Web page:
Wales politics

Labour's Jones downplays terror link with foreign policy

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Media captionCarwyn Jones: "No room for negotiation with these people"

First Minister Carwyn Jones has downplayed the link between British involvement in foreign conflicts and terror attacks in the UK.

In his first speech since the Manchester bombing, Labour leader Jeremy Corbyn said he would change UK foreign policy to reduce the risk.

But Mr Jones said he did "not think it would have made any difference".

"They are just fanatics. It is nothing to do with what is happening elsewhere in the world," he said.

Speaking on a BBC Wales Ask the Leader programme in Ebbw Vale on Friday, Mr Jones said of Mr Corbyn's proposal: "There'll come a time for considering that, but that's not the time this evening.

"Bluntly, these people they will hate us whatever we do, no matter what we do.

"If we do nothing at all, if we don't get involved in any military conflict, they will still try and cause harm and death to us.

"The only way of dealing with them is to have the right level of intelligence to make sure that, as Jeremy Corbyn said, that their supply of weapons is cut off, that their money supply is cut off, to remove the means where they can cause such destruction.

"There is no room for negotiation with these people, they will never ever accept anything other than what they want, and that is something we can never accept."

However, when asked if Jeremy Corbyn should be prime minister, Mr Jones said: "Yes. 100%"

Mr Jones had not named the leader of the Labour party at a general election campaign event earlier this year.

During the programme Mr Jones was asked about the effectiveness of European Union-funded programmes in the south Wales valleys, when many of the areas voted overwhelming for Brexit in the referendum last June.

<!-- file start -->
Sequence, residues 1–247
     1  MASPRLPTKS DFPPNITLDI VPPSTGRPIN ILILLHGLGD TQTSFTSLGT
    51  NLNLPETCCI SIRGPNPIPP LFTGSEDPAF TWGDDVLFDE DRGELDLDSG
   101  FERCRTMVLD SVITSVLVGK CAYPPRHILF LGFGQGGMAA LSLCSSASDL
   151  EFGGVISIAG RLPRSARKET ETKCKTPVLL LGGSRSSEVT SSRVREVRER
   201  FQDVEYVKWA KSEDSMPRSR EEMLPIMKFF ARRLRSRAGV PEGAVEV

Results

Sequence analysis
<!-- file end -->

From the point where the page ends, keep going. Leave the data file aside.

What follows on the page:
He said: "The funding is working but it is quite clear that people do not believe it is."

Expert view - from Nye Davies of Cardiff University's Wales Governance Centre

The upcoming election is going to be tough for the Labour Party. After a disappointing showing in 2015, it has failed to gain ground under leader Jeremy Corbyn and some in the party fear it could do even worse than it did last time out.

In Wales, a heartland for the party, Labour has come first in every general election since 1922. The first two Welsh polls since the election was called suggested that this dominance may well come to an end on 8 June. The data suggested that Theresa May's attempts to make this the "Brexit election" have been succeeding and were likely to lead to a Conservative breakthrough in Wales.

However, the most recent Welsh Barometer poll has put Labour back in the lead in Wales, rising nine percentage points. Despite this indication of an increase in support, Labour cannot afford to be complacent in Wales.

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